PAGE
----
Organize the space in the environment Can the student identify his/her own space to work or play or sit? How does (s)he know?
In order to facilitate the student’s identification of the different spaces an attempt would be made to divide the space markedly using furniture. Cubicles or partitioned desks would be ideal for students to have as their working area; the sitting area would have a large mat, and the play area would be filled with puffs and colorful toys.
Give information How do students get information to answer the who, what, why, where, when questions?
When giving students instructions it is important to be overly thorough. It would be best to issue the explanations via questions and answers (and even using visual aids) so that the student learns to interpret information and associate it with either who, what, why, where, or when.
Explain social situations People are moving, changing and often unpredictable. How do you help your child understand the confusing social world?
It is possible that certain social situations might seem confusing to autistic children, so it is advisable to resort to stories that incorporate visual aids to facilitate understanding. As well, students could engage in role playing activities so that they can experience those social situations themselves and learn to identify them.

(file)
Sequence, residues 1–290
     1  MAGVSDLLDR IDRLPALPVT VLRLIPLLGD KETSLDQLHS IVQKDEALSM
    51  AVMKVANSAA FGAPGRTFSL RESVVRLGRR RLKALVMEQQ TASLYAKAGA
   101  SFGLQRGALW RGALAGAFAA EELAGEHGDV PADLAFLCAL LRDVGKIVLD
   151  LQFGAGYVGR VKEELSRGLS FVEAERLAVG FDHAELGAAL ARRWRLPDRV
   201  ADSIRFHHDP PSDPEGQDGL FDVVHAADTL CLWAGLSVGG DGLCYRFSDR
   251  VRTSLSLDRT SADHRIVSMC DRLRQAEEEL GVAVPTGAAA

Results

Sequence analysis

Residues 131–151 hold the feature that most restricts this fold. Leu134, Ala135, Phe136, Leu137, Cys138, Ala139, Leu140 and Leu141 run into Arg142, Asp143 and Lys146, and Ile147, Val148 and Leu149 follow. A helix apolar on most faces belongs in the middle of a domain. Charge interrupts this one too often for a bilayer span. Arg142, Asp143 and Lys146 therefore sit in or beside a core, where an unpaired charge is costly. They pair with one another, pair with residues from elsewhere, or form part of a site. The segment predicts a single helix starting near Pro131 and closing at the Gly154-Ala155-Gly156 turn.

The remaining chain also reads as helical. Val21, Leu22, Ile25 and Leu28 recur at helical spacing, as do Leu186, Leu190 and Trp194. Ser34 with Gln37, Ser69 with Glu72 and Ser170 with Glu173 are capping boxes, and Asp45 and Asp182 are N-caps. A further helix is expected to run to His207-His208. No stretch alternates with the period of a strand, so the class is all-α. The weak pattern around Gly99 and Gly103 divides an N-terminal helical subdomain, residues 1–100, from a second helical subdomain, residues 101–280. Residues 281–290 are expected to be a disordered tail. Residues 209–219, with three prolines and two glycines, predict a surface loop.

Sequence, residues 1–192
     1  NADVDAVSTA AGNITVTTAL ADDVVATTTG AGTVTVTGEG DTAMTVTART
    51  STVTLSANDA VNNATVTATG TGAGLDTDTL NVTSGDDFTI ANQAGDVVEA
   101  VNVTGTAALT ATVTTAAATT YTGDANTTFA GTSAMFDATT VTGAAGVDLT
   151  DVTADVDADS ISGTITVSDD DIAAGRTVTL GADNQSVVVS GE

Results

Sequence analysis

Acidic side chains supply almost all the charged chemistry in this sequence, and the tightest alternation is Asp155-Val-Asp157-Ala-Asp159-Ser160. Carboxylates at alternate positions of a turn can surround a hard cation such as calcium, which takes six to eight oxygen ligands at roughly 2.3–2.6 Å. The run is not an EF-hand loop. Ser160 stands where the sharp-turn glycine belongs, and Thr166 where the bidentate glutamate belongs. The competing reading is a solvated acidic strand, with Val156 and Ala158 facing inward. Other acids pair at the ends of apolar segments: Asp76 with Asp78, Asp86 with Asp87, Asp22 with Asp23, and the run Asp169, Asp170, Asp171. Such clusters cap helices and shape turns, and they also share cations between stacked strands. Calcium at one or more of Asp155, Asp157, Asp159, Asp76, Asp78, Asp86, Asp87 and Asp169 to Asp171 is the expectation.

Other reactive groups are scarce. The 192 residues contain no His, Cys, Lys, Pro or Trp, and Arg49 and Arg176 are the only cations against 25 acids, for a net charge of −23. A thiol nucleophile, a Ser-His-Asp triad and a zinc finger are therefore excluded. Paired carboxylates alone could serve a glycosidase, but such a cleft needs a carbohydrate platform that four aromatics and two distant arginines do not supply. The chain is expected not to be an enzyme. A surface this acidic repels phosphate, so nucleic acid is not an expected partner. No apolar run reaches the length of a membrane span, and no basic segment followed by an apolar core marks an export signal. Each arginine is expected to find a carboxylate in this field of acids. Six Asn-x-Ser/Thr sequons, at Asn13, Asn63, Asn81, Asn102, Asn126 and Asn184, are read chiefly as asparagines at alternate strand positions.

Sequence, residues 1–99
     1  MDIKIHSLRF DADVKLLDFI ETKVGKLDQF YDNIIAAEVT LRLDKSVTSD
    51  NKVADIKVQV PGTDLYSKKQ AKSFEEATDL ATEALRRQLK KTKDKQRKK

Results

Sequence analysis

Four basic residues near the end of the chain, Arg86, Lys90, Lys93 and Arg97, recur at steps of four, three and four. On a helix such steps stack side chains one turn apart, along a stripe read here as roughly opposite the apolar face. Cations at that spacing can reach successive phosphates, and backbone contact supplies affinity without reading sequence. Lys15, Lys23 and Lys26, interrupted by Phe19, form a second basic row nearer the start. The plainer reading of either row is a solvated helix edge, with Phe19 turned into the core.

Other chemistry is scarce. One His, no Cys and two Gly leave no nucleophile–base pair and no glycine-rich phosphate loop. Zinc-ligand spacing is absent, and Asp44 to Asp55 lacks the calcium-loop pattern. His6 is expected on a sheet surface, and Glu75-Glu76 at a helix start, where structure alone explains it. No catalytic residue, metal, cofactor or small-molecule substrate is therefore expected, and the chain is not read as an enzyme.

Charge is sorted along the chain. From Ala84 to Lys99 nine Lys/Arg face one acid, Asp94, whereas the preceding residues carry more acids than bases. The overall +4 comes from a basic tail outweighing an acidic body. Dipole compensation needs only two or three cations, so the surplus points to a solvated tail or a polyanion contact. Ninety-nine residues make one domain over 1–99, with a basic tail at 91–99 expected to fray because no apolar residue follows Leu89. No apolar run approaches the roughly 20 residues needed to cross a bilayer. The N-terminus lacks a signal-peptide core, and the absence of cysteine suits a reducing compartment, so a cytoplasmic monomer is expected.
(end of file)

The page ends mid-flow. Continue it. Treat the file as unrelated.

Give choices. How do students know what the options are? What is available? What is not available?
When giving the explanations to the students, it is important that they be explained both the tasks they will have to complete and the rewards that they can expect to gain after completing them. Be detailed when giving explanations so that they student knows what he can/cannot do.
Give structure to the day. How do you tell the child what is happening or what is not happening throughout the day (the big picture)?
It is recommended that at the beginning of each school day the teacher goes over the entire day’s schedule of activities. The student needs to have a routine so that he can assimilate instruction. Any changes need to be explained in advance, and follow ups should be constantly made (Ganz, 2007). (Note: visual schedules with colors and pictures are always recommended).
Teach routines. How do you teach your child to learn how to follow multiple steps in a routine?
It is recommended that to teach students a routine that routine be broken up into individual, sequential steps. As well, illustrations that allow students to visualize each step are required to facilitate learning. Finally, autistic students can benefit greatly from repetition, so it is important that they repeat the same routine over and over again.
Organize materials in the environment. How do students know where to put supplies away when it is clean up time?
In order to help students organize their materials and supplies when it is time to clean up, it is advisable to set up boxes with different colors and/or names/pictures (Scheuermann & Webber, 2002). Seeing the colors, names, and/or pictures, students associate the supplies they are putting away with each box and they can place each supply in the right box.